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  17. Great idea! I just always keep a glass filled and drink form it all day. That usually helps.
    Thanks so much for linking up and sharing!

    R O water Tanks

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  18. Thank you for sharing this at Thrifty Thursday! I remember my mom and dad doing this by boiling the water, but I didn't think of leaving it out for a couple of days. That might be easier for me :) I'll have to try it and see, I'm not sure what our city water contains. Wish I could go back to our clean well water on the farm :)

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    Replies
    1. Yes! I wish we just had pure well water too. For now, this is the best we can do :)

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  19. What a simple solution! Thanks for sharing it at Raw Foods Thursdays! What could be more raw than water? ;)

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    Replies
    1. Ha ha, yes- plus I think dechlorinated water works way better for soaking and sprouting raw foods!

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  20. For places that have fluorinated water boiling the water will concentrate the fluoride. Only a reverse osmosis filter will remove the fluoride. :(

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  21. Great tip :) Thanks for sharing at Thriving Thursday!

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  22. I never knew about this. Very educational. Thank you!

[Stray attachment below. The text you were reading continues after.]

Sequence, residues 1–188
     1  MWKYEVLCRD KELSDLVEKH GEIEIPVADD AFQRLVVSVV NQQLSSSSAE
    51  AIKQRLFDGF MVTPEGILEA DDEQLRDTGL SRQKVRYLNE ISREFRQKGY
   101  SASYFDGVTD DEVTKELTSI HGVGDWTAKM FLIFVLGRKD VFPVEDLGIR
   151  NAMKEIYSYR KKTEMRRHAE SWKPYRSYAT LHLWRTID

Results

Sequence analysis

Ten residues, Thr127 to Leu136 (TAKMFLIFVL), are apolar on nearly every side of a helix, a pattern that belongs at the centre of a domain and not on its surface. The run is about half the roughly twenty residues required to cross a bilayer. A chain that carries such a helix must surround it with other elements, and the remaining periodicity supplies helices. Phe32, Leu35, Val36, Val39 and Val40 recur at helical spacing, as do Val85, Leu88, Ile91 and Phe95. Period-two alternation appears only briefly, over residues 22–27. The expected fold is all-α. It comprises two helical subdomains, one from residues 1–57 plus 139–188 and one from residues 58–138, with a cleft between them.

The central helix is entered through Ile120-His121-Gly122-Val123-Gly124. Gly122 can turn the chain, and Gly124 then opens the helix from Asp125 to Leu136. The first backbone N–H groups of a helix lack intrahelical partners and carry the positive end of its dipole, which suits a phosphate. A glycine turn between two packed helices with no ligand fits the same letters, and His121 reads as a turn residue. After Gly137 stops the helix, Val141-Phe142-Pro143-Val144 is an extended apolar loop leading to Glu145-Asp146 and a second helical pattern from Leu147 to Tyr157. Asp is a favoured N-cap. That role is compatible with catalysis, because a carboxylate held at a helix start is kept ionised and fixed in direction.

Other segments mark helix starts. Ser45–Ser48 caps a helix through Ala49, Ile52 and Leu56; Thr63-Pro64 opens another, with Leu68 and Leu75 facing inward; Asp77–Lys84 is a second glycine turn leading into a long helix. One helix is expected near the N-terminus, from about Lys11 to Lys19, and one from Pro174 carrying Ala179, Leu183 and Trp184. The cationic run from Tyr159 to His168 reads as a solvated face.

Already your follower hopping by, blogging @ Why?

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  23. Aerating your water will also remove chlorine. The easiest/fastest method I know of (and works wonderfully for my water kefir), is to fill my blender with tap water and then let it run for a min or more. I can always tell if the water is dechlorinated by whether it still smells like cholorine. If there's ANY smell of chlorine - I run the blender a little longer. :) It's really easy to do a similar thing with small amounts of water by just swirling in a jar/glass - or pouring from one container to another until the water smells clean.

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    Replies
    1. Oh wow, that sounds like a quick way to do it!

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  24. I found you from Diana Rambles Party! I'm your newest follower via GFC. I host Fluster Creative Muster Party on Wednesdays and I would love it if you would come by and party with us. Hope to see you there!

    Hugs, Smiles, and Blessings,

    Robin
    Fluster Buster

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  25. I don't mean to but in--- but where did you get a 1/2 gallon jar with a handle?! I **need** one of these! :D

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    1. It's a great jug! It was from an online kitchen supply store... This isn't where I got mine years ago, but I just found a similar one on Overstock: http://www.overstock.com/Home-Garden/Bormioli-Rocco-Frigoverre-2-liter-Handled-Glass-Pitcher/4151049/product.html

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  26. I knew some of this but a great reminder especially since it is so simple. Wondering if that is the reason our 1 attempt to sprout seeds failed here at our house.
    Thanks for posting at Wildcrafting Wednesday.

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  27. Thanks for posting at Wildcrafting Wednesday. Very simple and practical- great post.